I like to write fiction novels, but plotting is not an easy task. When we look at Dictionary.com, it defines a plot as a secret plan or scheme to accomplish some purpose. It calls for throwing every obstacle possible at your character and seeing how he reacts. The most satisfying stories show the protagonist under the right amount of pressure until he changes or receives his reward.
(Before I begin, I don’t want you to misunderstand me. I am NOT saying that the Bible’s book of Job is a fictional story. Also, I am not inferring that God has constant meetings with Satan to discuss all the trials we undergo in our lifetimes. So, let’s put that aside.)
The other day while looking up a verse in Job, I noticed the faintest hint of a plot. Maybe it was my imagination, or perhaps God was showing me something. The book of Job opens with an interaction between God and Satan. It says, “The LORD said to Satan, ‘From where do you come?’ Satan answered the LORD and said, ‘From roaming about on the earth and walking around on it.’ The LORD said to Satan, ‘Have you considered My servant Job? For there is no one like him on the earth, a blameless and upright man, fearing God and turning away from evil.” (See chapter 1:6-8.)
Job did not attend this meeting, nor did God send word that he would allow Satan to wreak havoc in his life. In one sitting, Job learns that the oxen and donkeys were attacked and kidnapped by the Sabeans. Seconds later, they kill the servants watching his chattel. After a few minutes, fire destroys his sheep. But Satan isn’t done. Satan sends the Chaldeans to kill Job’s camels and more servants. At that moment, a messenger delivers the news that a house fell, killing all of Job’s sons and daughters.
That’s brutal plotting.
But Job does not respond as one of my fictional characters would react. No. Job did not sin. Instead, he worshipped God. The reader can cheer and turn the page knowing that our main character has bested the antagonist.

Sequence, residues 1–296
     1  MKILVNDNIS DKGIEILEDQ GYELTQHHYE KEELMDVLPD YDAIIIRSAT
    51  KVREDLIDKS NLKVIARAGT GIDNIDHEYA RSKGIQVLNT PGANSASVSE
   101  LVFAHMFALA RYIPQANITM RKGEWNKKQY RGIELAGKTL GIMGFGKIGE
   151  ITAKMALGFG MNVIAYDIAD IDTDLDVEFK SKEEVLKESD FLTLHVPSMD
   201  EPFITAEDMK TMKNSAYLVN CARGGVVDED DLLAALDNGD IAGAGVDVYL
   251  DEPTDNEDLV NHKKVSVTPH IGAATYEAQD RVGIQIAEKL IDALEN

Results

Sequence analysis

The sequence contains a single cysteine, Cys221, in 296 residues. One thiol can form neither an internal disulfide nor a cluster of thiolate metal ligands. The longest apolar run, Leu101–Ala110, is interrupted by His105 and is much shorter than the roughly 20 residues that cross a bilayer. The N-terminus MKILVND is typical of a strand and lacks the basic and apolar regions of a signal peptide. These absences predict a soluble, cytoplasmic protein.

Once again, God allows Satan to test Job, but this time on an intimate level. His health! Satan struck Job with painful boils from the top of his head to the soles of his feet. God’s servant, Job, becomes a pot of goo and scrapes his sores with broken pottery.
Then, Job’s wife speaks. A dangerous thing, indeed. Granted, his wife had suffered as much as Job, for she also lost their livestock, servants, and children. Blinded by her pain, she charges her husband to give up his integrity, curse God, and die for his heavy hand on them. But Job scolds his wife for talking foolishly. Once again, Job remains faithful.
Enter Job’s friends, who suggest to him that God is punishing him for sin. Job agrees there may have been sin in his life, but he reconciled those things with God, and his conscience is clear. The long-winded conversations argue the supposed unfairness of God’s discipline in Job’s suffering.
Yet, in a Dios es Machina moment, the clouds pull back, and we hear God speaking out of nowhere. God rebukes the ignorant ideas that tried to limit his reasonings for allowing hardships in Job’s life.
Finally, humbled by God’s questioning, Job must acknowledge his weakness. Job response is vital in chapter 40:4, “I am insignificant; what can I say in response to You?”
We are like Job, aren’t we? Out of ignorance, doubts arise, and we question God’s relationship with us. What we don’t see God doing and what we don’t know becomes the fodder for dangerous thinking. But Ecclesiastes 11:5 says, “Just as you do not know the path of the wind and how bones are formed in the womb of the pregnant woman, so you do not know the activity of God who makes all things.”
I have learned the painful lesson that when there is no specific reasoning for my suffering, I must rest in God’s righteousness and the expectation of deliverance. What happens behind the curtain is none of my business. Therefore, rejoice that God will always glorify himself in our lives, and no believer will be disgraced. Psalm 25:3 says, “Indeed, none of those who wait for You will be ashamed.”